The nurses allowed Nancy to wear her Brain Cancer Awareness bracelet during the entire labor and delivery process.

I look forward to having Crosby's aunts, uncles, cousins, and Gran-Gran telling detailed stories in honor of his Gramps so that my son will know my dad.  I've decided that I'm not going to waste precious time being mad or even bitter that Dad wasn't physically there for that big moment in my life; instead I will embrace the fact of all the people I love most on this earth were by my side. 


Tuesday, April 30, 2013

Memories and Exit Ramps

Traveling along the highway of life with a luggage rack loaded with grief, it often seems there are endless reasons and opportunities for taking an exit ramp, as situations and conversations bring forth memories from previous experiences related to pain and loss.  I try to keep my eyes focused only on the space illuminated by the headlights directly in front of me, but sometimes things on the side of the road or off in the distance catch my eye, and looking at and even following those sightings cannot be avoided. There are lots of things along the way that I didn't think I was going to have to face - some of which I hadn't even be aware before I'd traveled this very road - and, once I was and once I did, that we didn't think I was nearly strong enough to traverse. The triggers that force me to exit for pit stops can come from varying sources - reading about or hearing about someone else with a similar story, being asked for advice related to my own struggle, or even just watching others about whom I care go through a trial like my family has since the time when my dad got sick.

Interestingly, I think, at some of those exits are emotions that are strangely unlike those I felt while I was beginning my own journey down this rough part of the road, in this construction zone of sorts.  I remember the feelings of powerlessness, sadness, confusion, and anger from during that time, but, looking at it at this point through my "things may appear smaller than actual size" rearview mirror, especially if I am able to offer anything at all to someone else from this vantage point, makes me feel strong and useful, ... a Silver Lining I suppose, one that I hope translates into a benefit for someone other than just myself.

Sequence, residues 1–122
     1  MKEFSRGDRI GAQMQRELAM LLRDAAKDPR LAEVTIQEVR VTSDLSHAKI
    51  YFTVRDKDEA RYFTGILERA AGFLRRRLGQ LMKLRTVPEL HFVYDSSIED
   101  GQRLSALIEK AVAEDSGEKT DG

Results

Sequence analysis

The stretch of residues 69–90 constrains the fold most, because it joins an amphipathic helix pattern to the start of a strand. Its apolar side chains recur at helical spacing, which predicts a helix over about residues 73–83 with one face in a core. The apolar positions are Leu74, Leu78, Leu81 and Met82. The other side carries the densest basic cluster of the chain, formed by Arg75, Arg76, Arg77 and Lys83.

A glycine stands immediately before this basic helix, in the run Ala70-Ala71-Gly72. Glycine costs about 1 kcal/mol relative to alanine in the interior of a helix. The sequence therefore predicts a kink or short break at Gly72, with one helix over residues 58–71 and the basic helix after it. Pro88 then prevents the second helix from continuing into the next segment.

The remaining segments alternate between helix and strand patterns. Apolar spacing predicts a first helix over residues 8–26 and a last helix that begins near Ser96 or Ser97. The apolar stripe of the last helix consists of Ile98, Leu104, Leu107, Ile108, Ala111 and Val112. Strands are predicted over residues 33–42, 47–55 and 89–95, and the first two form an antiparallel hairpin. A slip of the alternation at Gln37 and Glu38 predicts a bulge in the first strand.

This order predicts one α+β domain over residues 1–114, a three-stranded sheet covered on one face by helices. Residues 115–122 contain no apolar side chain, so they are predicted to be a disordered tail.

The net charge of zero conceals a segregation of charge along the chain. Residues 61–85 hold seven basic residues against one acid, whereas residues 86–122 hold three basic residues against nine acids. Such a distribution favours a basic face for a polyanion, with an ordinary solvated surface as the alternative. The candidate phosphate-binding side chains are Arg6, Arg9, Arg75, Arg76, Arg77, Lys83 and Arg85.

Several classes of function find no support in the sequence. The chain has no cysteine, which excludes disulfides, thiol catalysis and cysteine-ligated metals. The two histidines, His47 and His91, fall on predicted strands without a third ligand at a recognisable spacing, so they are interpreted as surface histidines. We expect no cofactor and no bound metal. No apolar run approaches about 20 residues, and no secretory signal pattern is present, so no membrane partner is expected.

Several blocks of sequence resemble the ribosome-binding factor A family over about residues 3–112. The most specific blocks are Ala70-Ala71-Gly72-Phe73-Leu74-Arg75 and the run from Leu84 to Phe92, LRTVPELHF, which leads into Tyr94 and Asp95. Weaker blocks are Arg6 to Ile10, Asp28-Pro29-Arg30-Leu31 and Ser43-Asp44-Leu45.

Over the past couple of weeks, I have been slowed in the right-hand lane as I've watched my friend and her family bring her father to hospice care on Friday two weeks ago and then say goodbye to him on the following Wednesday, the exact time frame that my family had with my dad.  I remember how in my family's situation there was so much to do, an overwhelming amount of things in fact, and then there was nothing.  I know all too well the pain and the helplessness and the feelings of such utter loss and despair that they were feeling as they prepared for the funeral, and I remember how I thought things couldn't get any harder but then how in many ways it seemed like they did after I went home after the memorial service and found my job and other responsibilities waiting for me.  After my dad's illness and his death, it felt like the emptiness, the loneliness, and all the other emotions were something with which I didn't think I could cope or even survive, but somehow I found a way, as I know my friend and others in her family will too.

In addition to having the perspective from inside the rawness of the grief, I now have somewhat of an idea of what it felt like for those around me in those early days of peregrination; it feels like running in place or maybe like being on a scavenger hunt of sorts.  There is so little that can be done to ease the pain of those who have been forced to enter onto this highway; the best I can try to do is just to ease off the gas pedal in my own vehicle to let them merge into my lane, to give them a nod of acknowledgement, to let them know that they are not alone.

"There is a sacredness in tears" ~ Washington Irving

Monday, April 29, 2013

The Hitchhiker, Part 1: The Gift of the Story

As I have learned since my dad went on ahead, one of the greatest gifts that can be given to someone in grief is talking to him or her about their loved one: telling a story that involves the person who has died, sharing something you remember about that person, or talking about a quality that person had or a deed he did that you appreciated can be a priceless treasure.  It doesn't have to be a significant account; sometimes something funny or unique that person did is just what the person who is grieving needs to hear.